a plurality of fasteners disposed within the jaw, the fasteners being rotatable about a pivot point; and
a sled slidable through the jaw such that distal advancement of the sled causes each of the plurality of fasteners to rotate into tissue engaged between the jaw and the anvil;
wherein each fastener include an anti-rotation feature configured to prevent counter-rotation of the fasteners when deployed in tissue; and
wherein the anti-rotation feature comprises a coupling element formed on each fastener and configured to receive a tip of an adjacent fastener when deployed such that counter-rotation of the fasteners is prevented, and the coupling element comprises a hoop formed on the fastener.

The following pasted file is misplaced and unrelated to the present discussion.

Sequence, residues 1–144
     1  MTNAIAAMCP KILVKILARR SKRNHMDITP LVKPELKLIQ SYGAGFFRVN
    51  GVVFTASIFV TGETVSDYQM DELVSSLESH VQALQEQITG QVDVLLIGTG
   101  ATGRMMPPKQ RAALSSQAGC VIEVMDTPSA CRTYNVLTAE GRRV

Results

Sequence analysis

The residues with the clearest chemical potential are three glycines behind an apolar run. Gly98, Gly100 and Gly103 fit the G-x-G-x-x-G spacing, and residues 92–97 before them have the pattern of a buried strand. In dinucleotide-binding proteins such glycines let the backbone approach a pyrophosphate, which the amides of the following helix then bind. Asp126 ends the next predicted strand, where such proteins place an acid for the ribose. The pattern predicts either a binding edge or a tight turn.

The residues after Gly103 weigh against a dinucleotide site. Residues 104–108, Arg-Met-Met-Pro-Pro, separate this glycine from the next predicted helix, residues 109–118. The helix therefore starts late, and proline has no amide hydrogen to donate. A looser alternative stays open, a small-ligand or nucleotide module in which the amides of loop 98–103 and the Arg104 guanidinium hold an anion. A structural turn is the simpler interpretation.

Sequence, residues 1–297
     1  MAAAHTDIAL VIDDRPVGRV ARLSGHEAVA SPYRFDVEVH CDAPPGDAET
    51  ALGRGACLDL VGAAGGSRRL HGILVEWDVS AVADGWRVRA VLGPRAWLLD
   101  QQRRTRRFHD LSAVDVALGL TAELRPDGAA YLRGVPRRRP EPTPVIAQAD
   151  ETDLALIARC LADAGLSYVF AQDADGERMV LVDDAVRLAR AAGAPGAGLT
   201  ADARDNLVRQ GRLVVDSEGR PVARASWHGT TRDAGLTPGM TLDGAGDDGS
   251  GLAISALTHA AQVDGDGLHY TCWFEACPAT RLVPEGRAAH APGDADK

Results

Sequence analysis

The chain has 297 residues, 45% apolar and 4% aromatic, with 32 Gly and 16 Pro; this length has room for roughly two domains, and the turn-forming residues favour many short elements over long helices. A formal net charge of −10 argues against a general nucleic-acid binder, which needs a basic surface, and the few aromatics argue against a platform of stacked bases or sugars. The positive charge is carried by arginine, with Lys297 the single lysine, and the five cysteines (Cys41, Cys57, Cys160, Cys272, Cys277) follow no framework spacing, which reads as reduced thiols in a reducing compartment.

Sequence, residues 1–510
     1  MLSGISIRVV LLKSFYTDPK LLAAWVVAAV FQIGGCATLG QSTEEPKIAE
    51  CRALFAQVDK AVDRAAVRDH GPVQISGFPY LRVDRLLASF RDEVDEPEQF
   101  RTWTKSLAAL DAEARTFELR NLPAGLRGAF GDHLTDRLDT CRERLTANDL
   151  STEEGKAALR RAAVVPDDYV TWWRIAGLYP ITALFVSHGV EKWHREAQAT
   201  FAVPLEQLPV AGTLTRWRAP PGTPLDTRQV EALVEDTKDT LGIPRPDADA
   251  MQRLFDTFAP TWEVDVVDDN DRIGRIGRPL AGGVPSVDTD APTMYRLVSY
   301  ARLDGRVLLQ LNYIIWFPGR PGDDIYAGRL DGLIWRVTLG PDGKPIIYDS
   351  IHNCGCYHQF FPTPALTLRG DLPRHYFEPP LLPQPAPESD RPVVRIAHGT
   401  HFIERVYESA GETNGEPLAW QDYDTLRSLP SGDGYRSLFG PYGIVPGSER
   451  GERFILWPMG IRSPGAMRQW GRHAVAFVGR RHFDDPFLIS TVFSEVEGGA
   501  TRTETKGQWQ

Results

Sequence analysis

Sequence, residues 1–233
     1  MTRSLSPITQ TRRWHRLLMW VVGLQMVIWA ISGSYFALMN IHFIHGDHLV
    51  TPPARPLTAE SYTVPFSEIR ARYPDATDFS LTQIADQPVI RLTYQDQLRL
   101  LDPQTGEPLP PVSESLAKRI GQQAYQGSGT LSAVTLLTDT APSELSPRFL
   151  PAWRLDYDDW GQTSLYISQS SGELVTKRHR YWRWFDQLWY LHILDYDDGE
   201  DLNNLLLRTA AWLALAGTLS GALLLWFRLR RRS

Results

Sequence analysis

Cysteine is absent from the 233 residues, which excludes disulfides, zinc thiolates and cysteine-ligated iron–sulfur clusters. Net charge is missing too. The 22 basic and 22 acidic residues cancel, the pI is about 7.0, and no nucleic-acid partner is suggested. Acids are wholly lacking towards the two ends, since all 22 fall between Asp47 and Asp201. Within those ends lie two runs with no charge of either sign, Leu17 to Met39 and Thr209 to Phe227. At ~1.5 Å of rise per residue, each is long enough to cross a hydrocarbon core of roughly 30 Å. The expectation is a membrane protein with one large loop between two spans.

7. The device of claim 6, wherein the plurality of fasteners are frangibly attached to a carrier.
8. The device of claim 6, wherein the plurality of fasteners are arranged in longitudinal rows.
9. The device of claim 6, wherein the plurality of fasteners are plastically deformable from a first configuration to a second configuration.
10. The device of claim 6, wherein each of the plurality of fasteners is substantially D-shaped.